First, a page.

But she was wrong.

Now Alex is in the fight of her life against the adults, who would use her, the survivors, who don’t trust her, and the Changed, who would eat her alive.

Welcome to Shadows, the second book in the haunting apocalyptic Ashes Trilogy: where no one is safe and humans may be the worst of the monsters.


My Thoughts
My rating: 3.5 of 5 stars

It’s one horror show after another and it was good at first. It would have kept on being good, if only there were fewer people popping up it, adding yet another element to recall. Plus, the shifts from one person to another had my head spinning, except that each of their stories was scary cannot be denied. First, it’s Alex to Chris, then Chris to Lena and Lena to Peter. And eventually, there’s Tom. Then factor in monsters a-plenty of the cannibal zombie things, militia with their own agenda, and Rule, all of which are somehow part of this dark (confusing) conspiracy. That last had me struggling to see the bigger picture, but My God! Things could get interesting and violent and gory.

Plus all the hair on end moments as with one figuring out that the sweet old couple, aren’t so sweet after all. Then little more terrifying is the prospect of Changing… that not of them knew what or how or why. That each of them faded out in then linked back in…then would be so scared about what was happening. Then up one more notch, is the idea that the Changed being in it for more than just the flesh for eating! Now, if only I weren’t so confused half the time with so many people, the too quick shifts, and sometimes identical issues to slog through, things could get a little confusing.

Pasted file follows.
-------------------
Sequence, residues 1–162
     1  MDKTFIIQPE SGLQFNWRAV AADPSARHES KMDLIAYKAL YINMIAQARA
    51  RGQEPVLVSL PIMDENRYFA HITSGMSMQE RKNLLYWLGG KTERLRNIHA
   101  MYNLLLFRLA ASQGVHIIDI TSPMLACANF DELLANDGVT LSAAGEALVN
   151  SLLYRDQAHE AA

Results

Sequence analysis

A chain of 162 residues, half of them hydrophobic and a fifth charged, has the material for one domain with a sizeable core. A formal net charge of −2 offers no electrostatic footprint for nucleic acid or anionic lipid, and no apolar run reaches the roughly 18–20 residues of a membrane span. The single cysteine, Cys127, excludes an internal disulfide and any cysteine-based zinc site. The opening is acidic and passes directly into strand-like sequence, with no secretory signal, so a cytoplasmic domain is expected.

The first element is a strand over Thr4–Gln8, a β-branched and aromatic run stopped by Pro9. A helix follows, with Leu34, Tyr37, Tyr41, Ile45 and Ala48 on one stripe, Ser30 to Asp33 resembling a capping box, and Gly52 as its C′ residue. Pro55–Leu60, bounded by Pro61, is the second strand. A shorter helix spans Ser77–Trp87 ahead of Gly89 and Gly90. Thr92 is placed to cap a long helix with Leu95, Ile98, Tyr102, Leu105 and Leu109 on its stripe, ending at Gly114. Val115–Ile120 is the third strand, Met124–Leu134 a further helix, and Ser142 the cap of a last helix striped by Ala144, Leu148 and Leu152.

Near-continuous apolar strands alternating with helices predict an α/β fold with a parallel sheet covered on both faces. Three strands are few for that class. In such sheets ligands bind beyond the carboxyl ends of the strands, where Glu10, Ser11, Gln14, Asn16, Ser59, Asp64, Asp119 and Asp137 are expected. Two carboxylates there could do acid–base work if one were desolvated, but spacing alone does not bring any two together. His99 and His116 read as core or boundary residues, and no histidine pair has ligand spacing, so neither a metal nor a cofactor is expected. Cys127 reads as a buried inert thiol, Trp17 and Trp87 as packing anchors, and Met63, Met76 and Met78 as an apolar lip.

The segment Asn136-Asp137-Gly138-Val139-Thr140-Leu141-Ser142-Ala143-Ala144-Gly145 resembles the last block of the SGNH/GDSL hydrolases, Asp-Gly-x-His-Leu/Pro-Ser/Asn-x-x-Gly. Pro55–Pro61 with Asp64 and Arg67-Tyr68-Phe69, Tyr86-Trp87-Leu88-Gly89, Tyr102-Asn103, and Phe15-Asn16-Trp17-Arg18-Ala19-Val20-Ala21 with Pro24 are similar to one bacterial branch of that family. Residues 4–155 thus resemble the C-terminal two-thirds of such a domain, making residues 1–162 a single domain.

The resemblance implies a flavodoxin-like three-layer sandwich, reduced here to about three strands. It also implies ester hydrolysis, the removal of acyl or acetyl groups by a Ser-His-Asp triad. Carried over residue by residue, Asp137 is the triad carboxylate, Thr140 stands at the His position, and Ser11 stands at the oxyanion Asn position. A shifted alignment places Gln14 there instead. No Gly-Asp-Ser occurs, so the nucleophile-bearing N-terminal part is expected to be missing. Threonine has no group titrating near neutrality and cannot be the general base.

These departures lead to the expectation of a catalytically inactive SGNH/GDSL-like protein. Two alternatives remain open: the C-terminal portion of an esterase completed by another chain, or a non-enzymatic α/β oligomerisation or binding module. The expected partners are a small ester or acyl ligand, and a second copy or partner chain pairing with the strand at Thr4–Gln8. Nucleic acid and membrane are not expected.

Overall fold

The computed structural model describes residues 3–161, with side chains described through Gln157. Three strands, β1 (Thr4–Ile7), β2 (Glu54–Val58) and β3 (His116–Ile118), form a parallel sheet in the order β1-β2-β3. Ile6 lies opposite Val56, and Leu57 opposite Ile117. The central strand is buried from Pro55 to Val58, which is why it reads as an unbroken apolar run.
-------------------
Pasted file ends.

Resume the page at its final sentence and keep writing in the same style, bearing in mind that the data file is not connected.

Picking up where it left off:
One thing though that sudden divide in Ashes where Alex goes from girl surviving an apocalyptic world to one enmeshed in some other kind of kind of horror story a la Lottery, here things elements were more put together, that clearly one thing linked to another somehow.

Thank you NetGalley!
A 4 for the gore, but this a 3.5 at most for me.








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Monday, August 20, 2012

Stupid Fast by Geoff Herbach

Stupid Fast
Good reads Summary
Stupid Fast by Geoff Herbach

I AM NOT STUPID FUNNY.
 

I AM STUPID FAST.
 

My name is Felton Reinstein, which is not a fast name. But last November, my voice finally dropped and I grew all this hair and then I got stupid fast. Fast like a donkey. Zing
 

Now they want me, the guy they used to call Squirrel Nut, to try out for the football team. With the jocks. But will that fix my mom? Make my brother stop dressing like a pirate? Most important, will it get me girls-especially Aleah?
 

So I train. And I run. And I sneak off to Aleah's house in the night. But deep down I know I can't run forever. And I wonder what will happen when I finally have to stop.

My Thoughts